Reading response 1

  1. After reading Salen & Zimmerman’s taxonomy of game definitions. explain which definition(s) for game appeals to you most?

Joann Huizinga’s definition relates closely to my perception of what a game is. The part of the definition that appeals most to me is the concept of “artificiality” where a game is enjoyable because players do not follow the rules of the “ordinary world”. Out of all the scholars mentioned in Chapter 7 of Rules of Play, this definition is the only definition that mentions artificiality, which is a core component of a game.

As stated in the chapter, Huizinga’s definition has many flaws. One flaw that struck me was the fact that games create social groups and are not associated with material gain. Not all games create social groups, unless for a competition, a game such as tick tack toe, does not bring about large interest base around it. Also a simple toy store sells games to generate profit.


2. How would you define a game in your own words?

 

A game is an artificial construct in which players use rules and/ or material in order to achieve one or more goals (goals can be pre-disposed or made by the player).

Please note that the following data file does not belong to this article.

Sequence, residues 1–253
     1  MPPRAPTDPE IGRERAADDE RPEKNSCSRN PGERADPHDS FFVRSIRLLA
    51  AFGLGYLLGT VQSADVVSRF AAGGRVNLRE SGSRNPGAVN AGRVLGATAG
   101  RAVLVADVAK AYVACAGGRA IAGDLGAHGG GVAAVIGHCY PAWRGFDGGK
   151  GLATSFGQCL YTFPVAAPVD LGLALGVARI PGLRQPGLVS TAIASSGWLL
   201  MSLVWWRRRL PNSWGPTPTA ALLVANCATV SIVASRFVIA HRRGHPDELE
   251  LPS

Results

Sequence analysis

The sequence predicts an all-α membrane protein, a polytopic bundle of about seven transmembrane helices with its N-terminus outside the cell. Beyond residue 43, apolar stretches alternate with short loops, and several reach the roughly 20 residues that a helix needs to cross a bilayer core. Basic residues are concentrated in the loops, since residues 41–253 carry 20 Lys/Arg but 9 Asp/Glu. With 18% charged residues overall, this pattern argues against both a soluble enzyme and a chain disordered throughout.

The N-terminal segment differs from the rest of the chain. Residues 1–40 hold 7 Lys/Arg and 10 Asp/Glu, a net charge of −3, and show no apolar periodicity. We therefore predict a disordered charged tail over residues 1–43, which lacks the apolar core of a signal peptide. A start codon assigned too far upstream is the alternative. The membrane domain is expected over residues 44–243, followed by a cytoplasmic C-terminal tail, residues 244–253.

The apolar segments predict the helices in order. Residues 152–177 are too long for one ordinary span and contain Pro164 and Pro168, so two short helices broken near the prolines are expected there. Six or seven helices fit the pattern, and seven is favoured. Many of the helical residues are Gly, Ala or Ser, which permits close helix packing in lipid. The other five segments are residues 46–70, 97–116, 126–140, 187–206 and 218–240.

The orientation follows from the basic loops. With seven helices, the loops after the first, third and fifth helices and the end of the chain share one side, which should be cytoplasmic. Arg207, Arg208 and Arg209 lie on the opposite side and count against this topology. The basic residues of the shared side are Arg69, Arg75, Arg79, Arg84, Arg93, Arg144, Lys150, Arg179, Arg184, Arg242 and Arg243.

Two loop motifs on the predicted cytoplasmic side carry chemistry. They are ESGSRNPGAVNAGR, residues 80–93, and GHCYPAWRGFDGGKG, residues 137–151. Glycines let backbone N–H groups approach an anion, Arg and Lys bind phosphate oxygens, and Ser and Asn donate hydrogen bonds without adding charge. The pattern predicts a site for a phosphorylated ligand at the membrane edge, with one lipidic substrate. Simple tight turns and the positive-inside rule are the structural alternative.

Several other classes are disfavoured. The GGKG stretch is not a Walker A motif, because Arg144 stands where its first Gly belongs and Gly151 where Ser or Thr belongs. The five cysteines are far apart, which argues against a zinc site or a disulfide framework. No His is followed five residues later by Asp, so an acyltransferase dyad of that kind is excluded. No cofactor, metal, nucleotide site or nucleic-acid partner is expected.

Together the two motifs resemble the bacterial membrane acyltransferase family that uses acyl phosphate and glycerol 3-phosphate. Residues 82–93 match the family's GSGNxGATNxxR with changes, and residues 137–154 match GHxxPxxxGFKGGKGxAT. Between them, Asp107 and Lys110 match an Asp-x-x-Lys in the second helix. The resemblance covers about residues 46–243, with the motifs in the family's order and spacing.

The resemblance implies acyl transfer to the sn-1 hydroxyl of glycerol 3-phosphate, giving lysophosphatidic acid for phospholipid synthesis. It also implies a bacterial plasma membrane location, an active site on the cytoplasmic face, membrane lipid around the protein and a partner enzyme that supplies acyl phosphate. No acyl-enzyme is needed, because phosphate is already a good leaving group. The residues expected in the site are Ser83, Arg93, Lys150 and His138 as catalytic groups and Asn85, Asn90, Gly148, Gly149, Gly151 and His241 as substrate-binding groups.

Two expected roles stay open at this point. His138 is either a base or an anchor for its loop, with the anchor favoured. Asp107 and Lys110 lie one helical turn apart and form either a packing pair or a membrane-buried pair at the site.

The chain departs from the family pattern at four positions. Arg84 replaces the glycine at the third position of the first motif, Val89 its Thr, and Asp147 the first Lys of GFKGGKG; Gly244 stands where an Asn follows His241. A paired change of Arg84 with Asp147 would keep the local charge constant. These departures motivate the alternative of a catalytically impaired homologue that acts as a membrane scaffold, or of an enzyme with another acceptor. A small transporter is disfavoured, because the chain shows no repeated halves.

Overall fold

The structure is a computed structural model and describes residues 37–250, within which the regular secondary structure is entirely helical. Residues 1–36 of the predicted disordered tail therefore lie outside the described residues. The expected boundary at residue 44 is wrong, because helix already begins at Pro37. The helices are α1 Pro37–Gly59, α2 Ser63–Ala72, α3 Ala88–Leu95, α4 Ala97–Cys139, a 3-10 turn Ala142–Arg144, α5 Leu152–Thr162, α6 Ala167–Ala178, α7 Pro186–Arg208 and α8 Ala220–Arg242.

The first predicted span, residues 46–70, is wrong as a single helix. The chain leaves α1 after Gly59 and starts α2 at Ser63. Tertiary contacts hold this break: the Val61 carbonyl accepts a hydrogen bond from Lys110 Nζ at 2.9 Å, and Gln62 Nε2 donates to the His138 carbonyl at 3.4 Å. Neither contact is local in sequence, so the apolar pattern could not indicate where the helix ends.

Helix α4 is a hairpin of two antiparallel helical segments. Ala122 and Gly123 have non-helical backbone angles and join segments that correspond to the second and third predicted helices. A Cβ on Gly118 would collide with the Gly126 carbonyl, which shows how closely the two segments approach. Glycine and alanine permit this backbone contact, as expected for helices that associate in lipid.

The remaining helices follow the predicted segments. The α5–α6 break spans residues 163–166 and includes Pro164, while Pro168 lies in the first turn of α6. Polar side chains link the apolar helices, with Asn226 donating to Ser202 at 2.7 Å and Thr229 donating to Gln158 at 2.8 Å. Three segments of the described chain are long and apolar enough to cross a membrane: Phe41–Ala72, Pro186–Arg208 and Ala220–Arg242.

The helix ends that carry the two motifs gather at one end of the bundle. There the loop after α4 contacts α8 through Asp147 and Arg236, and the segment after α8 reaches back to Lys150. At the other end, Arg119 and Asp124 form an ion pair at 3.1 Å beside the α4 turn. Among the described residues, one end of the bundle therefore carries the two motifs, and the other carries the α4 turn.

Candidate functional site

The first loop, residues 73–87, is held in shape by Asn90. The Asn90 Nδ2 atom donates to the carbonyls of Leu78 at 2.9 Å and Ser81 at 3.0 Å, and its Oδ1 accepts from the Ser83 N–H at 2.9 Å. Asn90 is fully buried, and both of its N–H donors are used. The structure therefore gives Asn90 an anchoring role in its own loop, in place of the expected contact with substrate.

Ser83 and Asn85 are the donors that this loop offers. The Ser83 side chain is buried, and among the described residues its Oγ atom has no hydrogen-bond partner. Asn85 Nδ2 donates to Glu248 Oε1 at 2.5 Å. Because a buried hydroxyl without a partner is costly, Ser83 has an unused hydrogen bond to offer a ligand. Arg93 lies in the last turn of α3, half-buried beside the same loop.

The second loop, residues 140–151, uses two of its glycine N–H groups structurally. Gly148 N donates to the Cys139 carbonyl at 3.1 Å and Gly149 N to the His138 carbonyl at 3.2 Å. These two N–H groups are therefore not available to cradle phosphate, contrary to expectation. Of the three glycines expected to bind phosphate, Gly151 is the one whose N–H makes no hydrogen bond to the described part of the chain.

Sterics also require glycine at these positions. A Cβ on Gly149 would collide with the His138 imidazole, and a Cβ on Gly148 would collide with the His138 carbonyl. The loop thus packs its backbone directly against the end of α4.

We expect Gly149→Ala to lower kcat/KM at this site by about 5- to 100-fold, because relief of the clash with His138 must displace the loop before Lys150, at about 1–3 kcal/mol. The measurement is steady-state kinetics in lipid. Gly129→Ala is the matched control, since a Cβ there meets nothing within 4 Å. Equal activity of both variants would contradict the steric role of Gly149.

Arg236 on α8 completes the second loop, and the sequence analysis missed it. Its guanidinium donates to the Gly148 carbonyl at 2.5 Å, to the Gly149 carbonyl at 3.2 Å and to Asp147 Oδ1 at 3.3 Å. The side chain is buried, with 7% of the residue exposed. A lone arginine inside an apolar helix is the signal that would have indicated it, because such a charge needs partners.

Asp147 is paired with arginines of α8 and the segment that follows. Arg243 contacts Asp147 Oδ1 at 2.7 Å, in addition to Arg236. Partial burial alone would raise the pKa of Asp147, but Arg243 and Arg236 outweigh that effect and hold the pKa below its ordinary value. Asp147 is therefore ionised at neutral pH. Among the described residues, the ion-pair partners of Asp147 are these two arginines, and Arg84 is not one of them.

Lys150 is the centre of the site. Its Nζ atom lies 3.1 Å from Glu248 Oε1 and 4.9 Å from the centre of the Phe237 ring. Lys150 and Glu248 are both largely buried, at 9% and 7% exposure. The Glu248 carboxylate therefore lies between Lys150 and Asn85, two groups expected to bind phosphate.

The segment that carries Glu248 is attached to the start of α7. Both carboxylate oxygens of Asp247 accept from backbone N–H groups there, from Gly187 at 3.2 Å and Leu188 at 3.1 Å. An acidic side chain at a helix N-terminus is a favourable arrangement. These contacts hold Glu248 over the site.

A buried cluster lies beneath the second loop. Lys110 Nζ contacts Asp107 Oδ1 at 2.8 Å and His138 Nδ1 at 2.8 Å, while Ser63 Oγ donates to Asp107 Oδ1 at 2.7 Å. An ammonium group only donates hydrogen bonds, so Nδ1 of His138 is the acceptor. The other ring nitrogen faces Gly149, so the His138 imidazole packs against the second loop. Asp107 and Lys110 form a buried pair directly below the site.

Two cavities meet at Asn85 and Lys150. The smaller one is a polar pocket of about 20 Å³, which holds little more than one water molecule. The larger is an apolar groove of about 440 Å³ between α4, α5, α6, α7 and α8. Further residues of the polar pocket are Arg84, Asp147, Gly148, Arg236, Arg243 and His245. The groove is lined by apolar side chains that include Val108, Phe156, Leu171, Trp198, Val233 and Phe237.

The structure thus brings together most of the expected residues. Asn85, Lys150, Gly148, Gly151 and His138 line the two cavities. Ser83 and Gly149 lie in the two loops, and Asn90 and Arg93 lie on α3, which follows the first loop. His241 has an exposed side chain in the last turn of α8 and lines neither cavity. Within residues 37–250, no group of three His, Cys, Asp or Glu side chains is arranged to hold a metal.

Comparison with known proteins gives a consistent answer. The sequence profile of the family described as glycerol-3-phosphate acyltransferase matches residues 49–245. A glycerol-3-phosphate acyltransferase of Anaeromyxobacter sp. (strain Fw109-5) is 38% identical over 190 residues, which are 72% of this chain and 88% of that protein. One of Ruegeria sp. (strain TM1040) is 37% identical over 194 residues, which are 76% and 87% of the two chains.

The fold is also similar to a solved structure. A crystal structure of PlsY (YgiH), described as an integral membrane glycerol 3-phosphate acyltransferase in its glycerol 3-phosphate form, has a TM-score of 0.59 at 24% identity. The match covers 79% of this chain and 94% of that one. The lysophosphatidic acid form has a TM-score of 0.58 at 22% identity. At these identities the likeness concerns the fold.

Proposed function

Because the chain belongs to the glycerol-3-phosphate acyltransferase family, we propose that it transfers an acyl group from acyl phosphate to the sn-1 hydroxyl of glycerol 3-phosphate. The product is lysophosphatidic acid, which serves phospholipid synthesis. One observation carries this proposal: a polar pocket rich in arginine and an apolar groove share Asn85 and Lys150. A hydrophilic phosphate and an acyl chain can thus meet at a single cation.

To the best of my ability, this definition combines the most relevant aspects of all the definitions stated in chapter 7.

 


3. What is your opinion of Costikyan’s definition of games, is it too broad , too narrow,which aspects of his definition do agree with and which do you disagree with? Are puzzles games? Is second life a game? What do you make of his ideas about narrative in games? And his notions of color and competition? What about his idea that games should be considered “art”?

Greg Costikyan, has developed a very decent definition as compared to the definition that the authors of Roles of Play have developed. Although Costikyan defines games as a part of culture, this does not aid us in understanding how games work. One main problem that arises from his definition, is his lack of mentioning rules. Game token is a very abstract way to define means.

Through reading the chapter, I enjoyed how the authors used puzzles as the first example to point out the pros and cons of the different definitions of games; in addition, to showing the book’s definition is. According to the authors of Rules of Play, a puzzle is most definitely a game, since it has all the elements of the game. A puzzle is a system of pieces that must be put together to achieve a quantifiable outcome.

 

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